Parliament’s women puzzle

With International Women’s Day just gone, it seems right to look at how the parties are doing. A recent FT article on the manifesto development (£) caused a bit of a stir, showing that of the six people developing the next Conservative manifesto, five went to Eton and one went to St Paul’s. The criticism was a class one, but there’s a clear gender issue too. Eton and St Paul’s are not just independent schools, they are independent boys’ schools.

Ed Miliband took Cameron to task on this last month during Prime Minister’s Questions. The Government’s few female secretaries of state were elsewhere, whist Labour had packed their front bench with every woman they could find.

Criticism levelled at one party is unfair

Looking at the equivalent leading groups for Labour and Liberal Democrats, it is hardly better.

Of the four main MPs leading the Liberal Democrat policy process, two attended independent schools, one grammar school and one comprehensive. All are Oxbridge graduates. The comparable group of four MPs leading the Labour process gives you two independent schools and two comprehensives. Half the group were at Oxford.

But again, crucially, there are no women anywhere to be seen. This is not that surprising when less than a quarter of the House of Commons are women. The pipeline for promotion is so much smaller. For the Liberal Democrats this is even worse. Only 12% of their MPs are women.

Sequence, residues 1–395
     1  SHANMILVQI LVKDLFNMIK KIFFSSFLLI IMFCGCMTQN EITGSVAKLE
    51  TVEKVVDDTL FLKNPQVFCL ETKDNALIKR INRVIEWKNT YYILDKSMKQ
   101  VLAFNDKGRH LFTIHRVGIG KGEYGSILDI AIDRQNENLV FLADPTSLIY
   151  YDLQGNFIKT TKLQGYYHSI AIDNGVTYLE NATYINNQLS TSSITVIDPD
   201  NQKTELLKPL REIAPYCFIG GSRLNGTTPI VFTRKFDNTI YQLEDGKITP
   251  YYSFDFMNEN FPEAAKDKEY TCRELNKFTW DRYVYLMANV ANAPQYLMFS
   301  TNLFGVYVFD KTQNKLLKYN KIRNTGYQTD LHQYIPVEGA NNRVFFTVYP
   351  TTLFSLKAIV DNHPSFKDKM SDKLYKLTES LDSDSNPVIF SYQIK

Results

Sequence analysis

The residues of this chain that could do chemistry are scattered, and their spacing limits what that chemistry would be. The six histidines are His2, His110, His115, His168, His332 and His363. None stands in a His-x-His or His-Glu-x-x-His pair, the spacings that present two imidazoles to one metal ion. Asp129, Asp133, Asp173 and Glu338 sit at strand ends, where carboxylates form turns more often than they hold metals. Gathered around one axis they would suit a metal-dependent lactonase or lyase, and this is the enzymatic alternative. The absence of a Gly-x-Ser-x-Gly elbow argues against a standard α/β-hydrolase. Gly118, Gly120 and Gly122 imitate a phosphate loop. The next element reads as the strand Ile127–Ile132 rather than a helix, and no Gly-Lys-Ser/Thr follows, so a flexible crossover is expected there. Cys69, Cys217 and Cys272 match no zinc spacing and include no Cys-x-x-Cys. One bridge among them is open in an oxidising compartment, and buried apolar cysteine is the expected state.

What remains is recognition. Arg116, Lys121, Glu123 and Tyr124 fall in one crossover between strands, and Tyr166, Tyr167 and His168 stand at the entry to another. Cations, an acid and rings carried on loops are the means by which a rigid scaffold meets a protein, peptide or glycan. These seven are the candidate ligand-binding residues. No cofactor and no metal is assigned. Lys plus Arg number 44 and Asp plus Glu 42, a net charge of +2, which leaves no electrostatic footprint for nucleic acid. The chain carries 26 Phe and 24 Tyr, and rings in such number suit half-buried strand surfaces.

Reshuffle headache

Obviously this is not in the interests of representative democracy, but it also causes major problems when it comes to government reshuffles. Some argue that ministers have been promoted, or not been demoted, based on gender targets, not on merit. Back in the heady days of Opposition, Cameron pledged that a third of his ministers would be women. It is currently about 20%.

A reshuffle is expected this summer, and will likely be the last opportunity Cameron has before the General Election in May 2015. Reshuffles are always a difficult balance between wanting to promote supporters but not antagonise others through demotion. The Coalition’s fixed power-sharing arrangements complicate it further. A gender quota on top of this means the reshuffle maths make calculus look easy.

Nevertheless, you should expect to see more of the 48 female Conservative MPs promoted this year, with existing ministers demoted to make the necessary space for them, and charities engaging with Government may have new relationships to build very quickly before the election.

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Charlotte was our senior external relations officer and public affairs consultant. She has left NCVO

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